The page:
News, Culture & Society

1919 Spanish Flu lockdown and current Sydney coronavirus lockdown bear striking similarities

The 102-year-old message to Sydneysiders that’s frighteningly relevant today: Government’s plea to residents to beat Spanish flu shows pandemics change but people don’t

  • The 1919 NSW Government lockdown bears striking similarities to current rules
  • The Spanish Flu killed 15,000 Australians in 1919 and tens of millions worldwide 
  • Sydney’s current lockdown due to coronavirus is scarily similar to that of 1919
  • The 1919 government slammed selfish residents who flouted flu restrictions 

A 102-year-old warning from the NSW government as it tried to contain the Spanish flu pandemic has resurfaced as the state is locked in a desperate battle with coronavirus – and it makes for very familiar reading for Sydneysiders caught in lockdown.

The Spanish flu ravaged Australia in 1919, leaving 15,000 Aussies dead within a year of the first case arising in January, and killing 50 to 100million people worldwide.

Australia’s population stood at about five million at the time, and more than a third of all Australians were infected. 

Indigenous communities were hit particularly hard by the virus, which had a 50 per cent mortality rate among Aboriginal people.

The NSW Government of today finds itself in similarly dire straits with Sydney in the grip of the Indian Delta variant, an incredibly contagious strain of the coronavirus.

Premier Gladys Berejiklian has responded with a sweeping range of restrictions and warnings that failure to follow them will spell disaster – which is exactly what the 1919 government’s flyer states.  

The document begins by warning the people of NSW their state is faced with a ‘greater danger than war’ and shouts ‘EVERYONE SHALL WEAR A MASK’.

The document was released by the NSW Government on February 3, 1919 – and its calls for residents to obey measures to control a killer virus still ring eerily true today

Health workers wearing protective gear gather in Surry Hills in Sydney's inner city in 1919 as the city fought the Spanish flu pandemic that claimed up to 100 million lives worldwide

Health workers wearing protective gear gather in Surry Hills in Sydney’s inner city in 1919 as the city fought the Spanish flu pandemic that claimed up to 100 million lives worldwide

NSW Premier Gladys Berejiklian said something very similar in a recent press conference: ”New South Wales is facing the biggest challenge we have faced since the pandemic started and I don’t take it lightly’.

And Sydneysiders now have to wear face masks whenever they are indoors apart from when they’re at home.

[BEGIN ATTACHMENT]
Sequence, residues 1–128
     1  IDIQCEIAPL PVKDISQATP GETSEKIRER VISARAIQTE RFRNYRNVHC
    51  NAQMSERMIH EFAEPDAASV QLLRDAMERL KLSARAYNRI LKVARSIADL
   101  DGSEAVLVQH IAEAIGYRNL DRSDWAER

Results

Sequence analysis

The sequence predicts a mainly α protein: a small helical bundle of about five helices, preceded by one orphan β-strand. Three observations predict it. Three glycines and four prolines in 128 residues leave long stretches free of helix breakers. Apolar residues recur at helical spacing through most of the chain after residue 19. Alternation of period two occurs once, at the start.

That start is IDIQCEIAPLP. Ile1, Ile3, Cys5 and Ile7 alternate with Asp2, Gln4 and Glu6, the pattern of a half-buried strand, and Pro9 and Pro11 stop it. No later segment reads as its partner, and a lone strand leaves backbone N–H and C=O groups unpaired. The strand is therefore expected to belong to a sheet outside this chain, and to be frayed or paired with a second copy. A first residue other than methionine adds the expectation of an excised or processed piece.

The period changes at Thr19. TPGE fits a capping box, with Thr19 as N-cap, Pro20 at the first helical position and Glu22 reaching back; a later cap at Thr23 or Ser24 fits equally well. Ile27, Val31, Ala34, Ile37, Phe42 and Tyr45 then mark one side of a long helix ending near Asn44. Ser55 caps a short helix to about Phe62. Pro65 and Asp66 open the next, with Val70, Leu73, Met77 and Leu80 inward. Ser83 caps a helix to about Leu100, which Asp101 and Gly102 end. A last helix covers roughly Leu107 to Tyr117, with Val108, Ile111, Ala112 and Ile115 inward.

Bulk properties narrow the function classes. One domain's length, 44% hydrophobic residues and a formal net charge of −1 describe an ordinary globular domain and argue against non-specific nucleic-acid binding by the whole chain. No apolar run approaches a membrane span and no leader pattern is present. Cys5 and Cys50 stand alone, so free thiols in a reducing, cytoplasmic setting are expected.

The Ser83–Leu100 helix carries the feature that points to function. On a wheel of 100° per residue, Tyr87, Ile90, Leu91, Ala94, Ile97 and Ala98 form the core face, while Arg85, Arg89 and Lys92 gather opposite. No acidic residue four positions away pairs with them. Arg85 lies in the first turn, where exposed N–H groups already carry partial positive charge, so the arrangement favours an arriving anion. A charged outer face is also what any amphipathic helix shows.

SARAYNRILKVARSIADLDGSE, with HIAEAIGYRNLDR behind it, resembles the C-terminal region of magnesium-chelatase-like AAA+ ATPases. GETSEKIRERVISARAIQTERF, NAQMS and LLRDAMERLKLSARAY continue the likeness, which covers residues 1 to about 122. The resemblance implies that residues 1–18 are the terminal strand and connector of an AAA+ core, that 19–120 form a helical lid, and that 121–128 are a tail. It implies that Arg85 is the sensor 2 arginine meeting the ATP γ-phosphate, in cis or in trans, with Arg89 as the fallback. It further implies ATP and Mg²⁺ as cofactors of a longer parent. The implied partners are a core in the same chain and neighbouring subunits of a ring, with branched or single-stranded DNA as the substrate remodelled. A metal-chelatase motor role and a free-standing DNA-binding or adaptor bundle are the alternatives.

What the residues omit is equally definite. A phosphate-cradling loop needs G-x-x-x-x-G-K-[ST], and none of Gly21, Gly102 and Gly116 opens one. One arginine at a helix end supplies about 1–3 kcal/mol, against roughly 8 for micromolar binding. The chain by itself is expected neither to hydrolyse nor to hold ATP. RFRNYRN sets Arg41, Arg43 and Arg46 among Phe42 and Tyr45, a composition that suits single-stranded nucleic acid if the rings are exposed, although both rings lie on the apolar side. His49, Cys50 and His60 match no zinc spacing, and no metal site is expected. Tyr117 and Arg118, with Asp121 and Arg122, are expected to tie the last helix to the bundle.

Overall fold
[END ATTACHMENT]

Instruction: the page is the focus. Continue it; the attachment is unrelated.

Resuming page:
The document was released by the NSW Government in the Government Gazette on February 3, 1919.

It singles out those who are not following flu rules for special criticism, saying they are ‘showing their indifference for the lives of others’.

NSW Premier Gladys Berejiklian has been warning Sydneysiders to follow lockdown laws so they don't put their fellow citizens in danger - which is exactly what of her predecessors' governments did 102 years ago

NSW Premier Gladys Berejiklian has been warning Sydneysiders to follow lockdown laws so they don’t put their fellow citizens in danger – which is exactly what of her predecessors’ governments did 102 years ago

Ms Berejiklian has taken the same line, pleading with Sydneysiders to ‘avoid visiting family and friends, because you’re not allowed to. The data shows in the past few days that is how the virus is spreading’. 

The flyer also states that ‘everybody is not yet working, so….the Government insists that the many shall not be placed in danger for the few’ – a principle the Berejiklian government followed when residents were banned from travelling out of the greater Sydney area to stop Covid-19 spreading across the state. 

William Holman was Premier of NSW in 1919 as the state reeled from Spanish flu

William Holman was Premier of NSW in 1919 as the state reeled from Spanish flu

The flyer shows the 1919 government didn’t stop public transport, which is currently the case in Sydney. 

And just like Ms Berejiklian’s government, it completely shut down theatres and all other forms of indoor public entertainment, as well as race meetings and church services.  

But the document also shows we’ve made some big changes to how we tackle pandemics in the last century.

The 1919 government placed restrictions on hospitality venues and other businesses by limiting the number of people who could be on the premises, while today’s lockdown laws have shuttered pubs and cafes entirely.

And while Sydneysiders can only exercise in groups of fewer than two at the beach after the government toughed restrictions on Friday, no limits were placed on fans of the sand and surf back in the day. 

Read more at DailyMail.co.uk